Every year Nelson Laboratories tests and validates thousands of medical devices. One particular family of reusable medical devices, endoscopes, can present unique challenges for manufacturers and healthcare reprocessing facilities. Responding to recent attention on reusable endoscopes, particularly the reusable duodenoscopes being blamed for two Los Angeles patient deaths and an increase of Healthcare Acquired Infections (HAIs), Nelson Laboratories has compiled a suite of educational resources detailing important reusable medical endoscope processing and reprocessing considerations.
“All scopes require careful thought and consideration before validation testing and FDA submissions are conducted,” said Emily Mitzel, Nelson Laboratories Consulting Manager, specializing in reusable medical device validations. “The reprocessing instructions need to be accurate for different regions of the world and must be usable in a variety of different healthcare facilities’ reprocessing programs. Healthcare facilities need to ensure staff is properly trained on cleaning procedures and that technicians understand the importance of cleaning difficult locations multiple times when visual inspections are not adequate.” Effective reprocessing of endoscopes and other reusable medical devices will help minimize the prevalence of healthcare acquire infections.
Nelson Laboratories offers the following information and resources for reusable medical device manufacturers and healthcare facilities reprocessing reusable devices:
- Comments on “Reprocessing Guidance for Industry and FDA Staff,” issued March 17, 2015 – Learn more about how the FDA’s new guidance document (issued March 17, 2015) differs from their 2011 draft guidance. Read full story >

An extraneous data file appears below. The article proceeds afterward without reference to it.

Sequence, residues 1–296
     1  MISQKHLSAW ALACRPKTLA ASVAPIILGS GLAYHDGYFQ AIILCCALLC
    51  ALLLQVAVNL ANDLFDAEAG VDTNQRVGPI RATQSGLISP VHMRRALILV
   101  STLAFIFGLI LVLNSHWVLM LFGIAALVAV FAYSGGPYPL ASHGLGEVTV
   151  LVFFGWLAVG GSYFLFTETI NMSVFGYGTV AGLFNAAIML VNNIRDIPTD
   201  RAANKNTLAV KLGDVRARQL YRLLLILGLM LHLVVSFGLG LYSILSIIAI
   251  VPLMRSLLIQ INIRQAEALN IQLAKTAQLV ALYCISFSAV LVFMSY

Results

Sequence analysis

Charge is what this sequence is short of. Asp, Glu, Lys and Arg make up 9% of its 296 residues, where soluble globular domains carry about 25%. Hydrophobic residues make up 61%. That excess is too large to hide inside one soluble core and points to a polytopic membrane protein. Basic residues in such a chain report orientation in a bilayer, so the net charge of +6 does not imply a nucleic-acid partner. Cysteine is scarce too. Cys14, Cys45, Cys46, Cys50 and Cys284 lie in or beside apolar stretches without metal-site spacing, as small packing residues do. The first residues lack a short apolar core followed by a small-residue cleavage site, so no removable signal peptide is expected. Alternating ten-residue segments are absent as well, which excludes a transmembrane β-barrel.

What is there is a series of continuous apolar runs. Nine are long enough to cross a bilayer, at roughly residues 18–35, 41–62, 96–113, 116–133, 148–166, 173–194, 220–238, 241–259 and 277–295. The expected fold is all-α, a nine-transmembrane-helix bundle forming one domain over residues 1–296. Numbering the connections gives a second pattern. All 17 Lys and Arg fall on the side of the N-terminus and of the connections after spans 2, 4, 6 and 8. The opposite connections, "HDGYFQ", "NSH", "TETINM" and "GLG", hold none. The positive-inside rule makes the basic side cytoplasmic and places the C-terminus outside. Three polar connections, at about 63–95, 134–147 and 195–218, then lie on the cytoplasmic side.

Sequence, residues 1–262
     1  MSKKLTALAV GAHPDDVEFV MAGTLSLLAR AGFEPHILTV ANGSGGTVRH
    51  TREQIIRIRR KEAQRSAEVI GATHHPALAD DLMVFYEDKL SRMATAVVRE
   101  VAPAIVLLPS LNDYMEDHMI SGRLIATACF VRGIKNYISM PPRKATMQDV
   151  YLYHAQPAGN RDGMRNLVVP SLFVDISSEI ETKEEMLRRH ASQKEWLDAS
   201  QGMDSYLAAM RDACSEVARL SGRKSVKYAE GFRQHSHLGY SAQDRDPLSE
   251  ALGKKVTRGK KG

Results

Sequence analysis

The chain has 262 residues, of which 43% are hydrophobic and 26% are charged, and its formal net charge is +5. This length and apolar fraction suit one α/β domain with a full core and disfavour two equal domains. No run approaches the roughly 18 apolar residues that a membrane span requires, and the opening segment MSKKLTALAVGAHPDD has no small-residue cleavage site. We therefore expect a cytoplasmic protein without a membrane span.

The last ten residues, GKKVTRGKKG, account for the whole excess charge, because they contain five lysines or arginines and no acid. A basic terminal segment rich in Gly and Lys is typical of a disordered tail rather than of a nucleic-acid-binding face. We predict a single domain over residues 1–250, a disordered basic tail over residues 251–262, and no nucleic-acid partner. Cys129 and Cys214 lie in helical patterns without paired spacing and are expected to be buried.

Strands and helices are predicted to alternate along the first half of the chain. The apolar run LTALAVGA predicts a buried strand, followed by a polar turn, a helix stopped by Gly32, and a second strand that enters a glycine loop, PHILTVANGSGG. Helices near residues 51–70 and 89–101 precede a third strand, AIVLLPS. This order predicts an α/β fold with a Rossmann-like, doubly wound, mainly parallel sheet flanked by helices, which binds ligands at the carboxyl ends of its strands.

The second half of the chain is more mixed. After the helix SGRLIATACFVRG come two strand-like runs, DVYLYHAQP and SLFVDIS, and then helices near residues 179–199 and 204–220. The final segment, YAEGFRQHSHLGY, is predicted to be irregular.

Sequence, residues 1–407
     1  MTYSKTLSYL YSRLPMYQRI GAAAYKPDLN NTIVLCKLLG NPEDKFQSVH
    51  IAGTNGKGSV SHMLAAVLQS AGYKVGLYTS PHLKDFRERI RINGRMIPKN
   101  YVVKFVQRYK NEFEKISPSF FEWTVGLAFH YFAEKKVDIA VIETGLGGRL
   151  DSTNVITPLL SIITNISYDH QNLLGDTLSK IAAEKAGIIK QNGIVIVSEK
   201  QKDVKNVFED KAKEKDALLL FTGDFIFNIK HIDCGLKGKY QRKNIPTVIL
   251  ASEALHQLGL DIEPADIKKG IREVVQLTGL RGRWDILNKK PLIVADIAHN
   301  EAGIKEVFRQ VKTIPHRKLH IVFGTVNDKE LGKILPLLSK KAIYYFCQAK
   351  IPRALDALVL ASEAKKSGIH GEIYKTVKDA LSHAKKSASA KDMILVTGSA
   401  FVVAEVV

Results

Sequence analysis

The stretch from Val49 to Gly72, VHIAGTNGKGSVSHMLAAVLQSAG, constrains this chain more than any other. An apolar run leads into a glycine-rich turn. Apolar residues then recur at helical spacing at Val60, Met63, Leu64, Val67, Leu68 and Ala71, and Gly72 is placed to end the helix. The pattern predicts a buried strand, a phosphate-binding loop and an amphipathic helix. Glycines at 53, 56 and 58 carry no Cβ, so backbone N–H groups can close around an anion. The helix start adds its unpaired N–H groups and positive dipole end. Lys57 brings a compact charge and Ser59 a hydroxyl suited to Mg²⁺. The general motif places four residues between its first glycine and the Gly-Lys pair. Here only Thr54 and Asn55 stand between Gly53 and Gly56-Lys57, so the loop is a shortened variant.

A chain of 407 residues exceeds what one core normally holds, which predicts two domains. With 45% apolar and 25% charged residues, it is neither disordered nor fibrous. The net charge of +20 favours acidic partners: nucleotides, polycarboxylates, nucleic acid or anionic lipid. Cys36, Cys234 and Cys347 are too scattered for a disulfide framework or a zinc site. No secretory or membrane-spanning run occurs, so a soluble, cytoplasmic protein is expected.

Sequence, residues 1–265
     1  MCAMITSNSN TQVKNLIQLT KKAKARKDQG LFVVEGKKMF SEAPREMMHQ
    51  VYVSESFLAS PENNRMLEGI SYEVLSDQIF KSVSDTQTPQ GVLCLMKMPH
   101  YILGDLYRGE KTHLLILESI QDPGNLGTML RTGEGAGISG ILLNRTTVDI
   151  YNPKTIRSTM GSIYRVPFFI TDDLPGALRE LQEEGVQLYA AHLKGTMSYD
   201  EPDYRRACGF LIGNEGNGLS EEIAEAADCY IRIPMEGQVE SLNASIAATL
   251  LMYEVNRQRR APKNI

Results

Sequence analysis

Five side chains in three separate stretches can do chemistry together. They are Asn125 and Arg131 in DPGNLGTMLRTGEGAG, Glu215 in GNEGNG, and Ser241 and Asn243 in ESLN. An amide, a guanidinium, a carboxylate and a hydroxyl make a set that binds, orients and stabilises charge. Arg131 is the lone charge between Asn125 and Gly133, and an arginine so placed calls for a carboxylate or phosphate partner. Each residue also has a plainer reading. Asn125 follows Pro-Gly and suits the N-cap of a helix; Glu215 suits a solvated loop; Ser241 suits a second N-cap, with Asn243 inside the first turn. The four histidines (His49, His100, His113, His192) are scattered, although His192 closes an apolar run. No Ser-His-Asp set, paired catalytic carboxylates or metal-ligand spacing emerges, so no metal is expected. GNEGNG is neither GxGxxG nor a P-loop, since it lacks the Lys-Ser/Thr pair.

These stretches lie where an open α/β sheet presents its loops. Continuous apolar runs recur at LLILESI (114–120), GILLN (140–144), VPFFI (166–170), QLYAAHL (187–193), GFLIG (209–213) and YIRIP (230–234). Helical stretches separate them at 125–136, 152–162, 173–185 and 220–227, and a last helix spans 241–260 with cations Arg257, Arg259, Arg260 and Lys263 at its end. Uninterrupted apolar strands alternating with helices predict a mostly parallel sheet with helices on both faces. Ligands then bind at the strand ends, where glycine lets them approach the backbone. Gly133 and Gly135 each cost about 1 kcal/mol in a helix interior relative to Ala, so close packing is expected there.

- Healthcare Reprocessing of Medical Devices and Human Factors Debrief – Complex reusable medical device designs and other device enhancements that do not take human factor considerations into account may make it difficult, or even impossible, for hospitals to clean, disinfect, and sterilize reusable devices effectively. Watch webinar >
- Validating Cleanliness Taking Human Factors Into Effect – Medical device manufacturers are expected to provide clearly understandable reprocessing instructions with their medical devices. Nelson Laboratories recommends validating reprocessing with a conservative approach to ensure a safety buffer is built in to account for human factors. Read more >
- Successful Medical Device Cleaning Validation: What You Need to Know – Validating cleaning instructions for reusable medical devices is an important milestone on the path to obtaining FDA clearance. Get the detailed information you need to know about medical device cleaning validations with this complimentary white paper. Download white paper >
- Functionality vs. Simulated-Use Testing in Device Reprocessing – The FDA has said that if a medical device is to last 100 cycles, it needs to be validated to 100 cycles. Likewise, endoscopes need to be tested for a buildup of soil. Testing for these two different conditions is very similar, but looks for very different results based on human factors. Read more >
- Standardization of Test Soils for Reusable Endoscopes – Scientists at Nelson Laboratories actively participate with the ASTM committee and writing the ASTM standard that is slated to standardize test soils for reusable medical device testing, making it easier and more cost effective to develop and validate cleaning instructions. Learn more >
For additional information on requirements for processing and reprocessing of reusable endoscopes and other medical devices, manufacturers can contact Nelson Laboratories at firstname.lastname@example.org, or 801-290-7502.
In addition to reusable device validation testing, Nelson Labs offers quarterly assessment or qualification tests to help healthcare facilities assess the human factors and cleanliness of their endoscope reprocessing facility. Nelson Laboratories’ Technical Consulting group is also available to provide manufacturers and healthcare facilities technical support at every phase of the product life cycle.